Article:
As many of you are aware, “microaggressions” was a concept first developed in the early 1970’s. Chester Pierce (1927-2016) an African American psychiatrist and Professor at the Harvard Medical School, Harvard School of Public Health and Harvard Graduate School of Education created it “to describe modern-day racism in the U.S.” Since that time, Derald Wing Sue (Professor of Counseling Psychology at Columbia University) and his colleagues have made it a central psychological concept.  First aimed at the discrimination which is targeted at people because of race and then expanded to include other identities.  Their definition:

Microaggressions are the everyday slights, indignities, put-downs, and insults that people of color, women, LGBT, or those who are marginalized experience in their day to day interactions with people. Micro aggressions often times appear to be a compliment but contain a meta communication or a hidden insult to the target groups in which it is delivered. People who engage in microaggressions are ordinary folks who experience themselves as good moral decent individuals. Microaggressions occur because they are outside the level of conscious awareness of the perpetrator. (Sue 2010)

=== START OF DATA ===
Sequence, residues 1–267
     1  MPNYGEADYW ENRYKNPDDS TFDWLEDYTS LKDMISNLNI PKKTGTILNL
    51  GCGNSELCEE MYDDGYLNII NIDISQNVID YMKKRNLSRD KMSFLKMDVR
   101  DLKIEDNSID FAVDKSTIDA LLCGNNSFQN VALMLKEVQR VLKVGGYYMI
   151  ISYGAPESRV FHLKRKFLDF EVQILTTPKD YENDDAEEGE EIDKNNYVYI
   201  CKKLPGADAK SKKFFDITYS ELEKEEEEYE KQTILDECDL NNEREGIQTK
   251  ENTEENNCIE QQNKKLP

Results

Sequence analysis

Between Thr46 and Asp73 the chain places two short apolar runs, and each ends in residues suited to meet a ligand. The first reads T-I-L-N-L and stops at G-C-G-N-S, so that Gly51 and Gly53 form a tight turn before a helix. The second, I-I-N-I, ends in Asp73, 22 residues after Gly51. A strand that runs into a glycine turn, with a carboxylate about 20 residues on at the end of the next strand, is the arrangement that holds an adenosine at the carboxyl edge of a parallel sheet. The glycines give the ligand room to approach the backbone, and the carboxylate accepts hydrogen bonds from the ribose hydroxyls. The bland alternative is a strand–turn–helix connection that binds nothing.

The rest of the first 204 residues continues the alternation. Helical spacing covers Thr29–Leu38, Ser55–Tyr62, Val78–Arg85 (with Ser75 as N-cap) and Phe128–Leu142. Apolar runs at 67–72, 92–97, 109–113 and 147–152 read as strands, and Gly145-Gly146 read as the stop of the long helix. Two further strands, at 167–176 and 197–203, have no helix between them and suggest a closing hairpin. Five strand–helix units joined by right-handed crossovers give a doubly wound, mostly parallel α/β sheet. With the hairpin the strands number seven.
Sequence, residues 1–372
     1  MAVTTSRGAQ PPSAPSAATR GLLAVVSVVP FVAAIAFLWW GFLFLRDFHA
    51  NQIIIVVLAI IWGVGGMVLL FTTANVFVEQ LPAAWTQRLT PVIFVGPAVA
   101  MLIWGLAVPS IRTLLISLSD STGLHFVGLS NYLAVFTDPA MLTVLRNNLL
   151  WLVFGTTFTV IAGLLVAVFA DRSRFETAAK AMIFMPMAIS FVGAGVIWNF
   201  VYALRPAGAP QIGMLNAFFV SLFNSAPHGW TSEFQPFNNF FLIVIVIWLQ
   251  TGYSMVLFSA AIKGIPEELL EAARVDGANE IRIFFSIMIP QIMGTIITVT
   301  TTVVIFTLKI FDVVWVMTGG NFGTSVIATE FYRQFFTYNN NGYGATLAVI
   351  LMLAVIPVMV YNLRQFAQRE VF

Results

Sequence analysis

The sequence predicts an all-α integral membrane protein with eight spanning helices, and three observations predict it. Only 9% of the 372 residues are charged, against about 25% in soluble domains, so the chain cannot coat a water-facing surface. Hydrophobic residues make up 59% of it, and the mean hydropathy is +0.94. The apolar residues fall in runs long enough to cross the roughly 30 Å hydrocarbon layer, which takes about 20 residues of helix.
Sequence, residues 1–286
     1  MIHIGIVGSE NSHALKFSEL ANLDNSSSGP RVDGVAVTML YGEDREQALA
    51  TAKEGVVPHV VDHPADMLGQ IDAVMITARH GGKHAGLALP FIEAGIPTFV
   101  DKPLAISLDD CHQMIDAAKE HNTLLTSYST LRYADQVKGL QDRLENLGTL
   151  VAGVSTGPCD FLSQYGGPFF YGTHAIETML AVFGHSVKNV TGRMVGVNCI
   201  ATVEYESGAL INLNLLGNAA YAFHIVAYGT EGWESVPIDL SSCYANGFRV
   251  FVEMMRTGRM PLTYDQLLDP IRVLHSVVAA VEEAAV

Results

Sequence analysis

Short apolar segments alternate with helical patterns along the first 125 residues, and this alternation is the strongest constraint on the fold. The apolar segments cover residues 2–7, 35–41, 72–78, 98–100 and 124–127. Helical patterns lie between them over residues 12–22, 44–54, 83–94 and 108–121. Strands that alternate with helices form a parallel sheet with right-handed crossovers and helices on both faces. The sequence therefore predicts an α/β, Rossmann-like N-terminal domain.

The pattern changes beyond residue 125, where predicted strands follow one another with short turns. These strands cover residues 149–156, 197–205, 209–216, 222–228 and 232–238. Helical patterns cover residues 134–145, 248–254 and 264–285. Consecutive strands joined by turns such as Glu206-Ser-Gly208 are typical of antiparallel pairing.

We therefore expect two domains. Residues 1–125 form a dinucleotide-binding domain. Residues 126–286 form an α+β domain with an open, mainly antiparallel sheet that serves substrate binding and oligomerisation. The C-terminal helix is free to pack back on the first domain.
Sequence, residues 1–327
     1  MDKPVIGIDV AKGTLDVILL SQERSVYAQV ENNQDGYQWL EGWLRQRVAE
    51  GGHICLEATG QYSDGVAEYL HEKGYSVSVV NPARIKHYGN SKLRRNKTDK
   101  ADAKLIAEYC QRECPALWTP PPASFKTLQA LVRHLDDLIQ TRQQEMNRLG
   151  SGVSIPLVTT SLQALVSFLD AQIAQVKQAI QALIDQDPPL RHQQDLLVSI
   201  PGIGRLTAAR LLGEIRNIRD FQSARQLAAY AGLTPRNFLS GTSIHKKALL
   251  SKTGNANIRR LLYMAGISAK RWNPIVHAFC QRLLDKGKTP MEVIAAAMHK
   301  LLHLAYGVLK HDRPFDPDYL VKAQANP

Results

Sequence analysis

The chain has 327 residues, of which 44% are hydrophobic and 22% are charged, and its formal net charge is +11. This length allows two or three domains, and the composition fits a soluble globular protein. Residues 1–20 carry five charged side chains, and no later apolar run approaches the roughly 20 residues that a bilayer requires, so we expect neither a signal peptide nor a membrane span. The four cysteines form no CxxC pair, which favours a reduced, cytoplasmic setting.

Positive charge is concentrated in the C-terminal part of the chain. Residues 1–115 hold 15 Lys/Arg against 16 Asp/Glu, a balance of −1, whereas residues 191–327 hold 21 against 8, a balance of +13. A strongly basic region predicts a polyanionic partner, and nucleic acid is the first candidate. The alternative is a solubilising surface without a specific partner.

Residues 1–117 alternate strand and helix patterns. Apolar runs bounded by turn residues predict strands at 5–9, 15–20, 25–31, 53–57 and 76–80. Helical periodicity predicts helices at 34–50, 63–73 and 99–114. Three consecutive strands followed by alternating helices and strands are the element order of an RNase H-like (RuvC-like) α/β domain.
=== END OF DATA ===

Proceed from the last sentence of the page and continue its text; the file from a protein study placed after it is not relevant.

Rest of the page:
My goal in developing the initial presentation was to push the feminist self-defense community to think of violence and feminist self-defense in new ways. In that context to highlight that people are defending themselves against many forms of violence. This violence can be explicit or subtle. What training do they need to defend against the subtle forms of violence? Secondary goals were for instructors to examine their practices as self-defense instructors. In what ways have self-defense instructors embedded microaggressions into their courses without realizing it? How was the “one-size fits all” view of SD harming their students?

 In addition, I wanted the organization (NWMAF) to examine the ways in which it could be strengthened by attending to this issue.  Were particular groups being driven away because of subtle forms of bigotry?

I was prompted to finally write about this history because over the last several years my work on microaggressions has been used and continues to be used by ESD instructors and their students without giving me credit. While I am flattered and pleased that the self-defense community has taken up the concept and incorporated into their work I nevertheless would like to remind empowerment self-defense instructors that I have been contributing to the framing of empowerment self-defense and microaggressions for a decade (full citations below) and that it is important to use these citations in their presentations and publications

2010 Applied microaggressions defense.NWMAF. 
2011 Did that really happen? Taking a look at racial microaggressions.NWMAF. 
2012 Uh, what do you say now? Microaggressions and intersection oppressions (Parts 1 &     2) NWMAF (with Sally Van Wright).